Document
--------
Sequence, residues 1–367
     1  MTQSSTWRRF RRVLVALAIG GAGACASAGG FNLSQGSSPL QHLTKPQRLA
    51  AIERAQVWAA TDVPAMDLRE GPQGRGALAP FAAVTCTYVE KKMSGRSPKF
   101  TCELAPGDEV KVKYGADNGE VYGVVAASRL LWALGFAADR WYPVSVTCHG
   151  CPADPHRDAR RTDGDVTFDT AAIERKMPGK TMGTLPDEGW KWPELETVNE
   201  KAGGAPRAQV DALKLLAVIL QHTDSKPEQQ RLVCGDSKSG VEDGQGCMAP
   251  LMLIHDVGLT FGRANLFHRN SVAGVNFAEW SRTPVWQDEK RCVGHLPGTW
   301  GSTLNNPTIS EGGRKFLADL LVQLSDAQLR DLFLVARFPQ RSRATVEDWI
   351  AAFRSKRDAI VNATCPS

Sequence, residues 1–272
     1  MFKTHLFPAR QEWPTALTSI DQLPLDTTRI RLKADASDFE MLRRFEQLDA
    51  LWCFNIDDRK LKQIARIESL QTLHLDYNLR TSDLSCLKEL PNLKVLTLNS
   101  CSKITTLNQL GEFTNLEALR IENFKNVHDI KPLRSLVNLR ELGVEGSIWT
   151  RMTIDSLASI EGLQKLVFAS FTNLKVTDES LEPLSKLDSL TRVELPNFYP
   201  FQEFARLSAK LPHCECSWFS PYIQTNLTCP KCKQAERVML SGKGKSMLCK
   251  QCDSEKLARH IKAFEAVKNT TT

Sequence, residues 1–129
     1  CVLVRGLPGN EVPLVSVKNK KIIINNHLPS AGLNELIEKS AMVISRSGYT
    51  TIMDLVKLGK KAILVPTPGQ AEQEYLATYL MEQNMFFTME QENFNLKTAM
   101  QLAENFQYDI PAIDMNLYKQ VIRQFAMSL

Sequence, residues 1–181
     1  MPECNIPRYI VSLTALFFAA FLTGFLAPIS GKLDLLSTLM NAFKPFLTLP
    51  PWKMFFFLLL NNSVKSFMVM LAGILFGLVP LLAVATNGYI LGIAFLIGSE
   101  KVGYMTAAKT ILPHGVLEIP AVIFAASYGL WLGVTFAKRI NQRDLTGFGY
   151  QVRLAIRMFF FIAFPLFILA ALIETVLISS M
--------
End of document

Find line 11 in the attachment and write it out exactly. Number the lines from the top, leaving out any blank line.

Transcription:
     1  MFKTHLFPAR QEWPTALTSI DQLPLDTTRI RLKADASDFE MLRRFEQLDA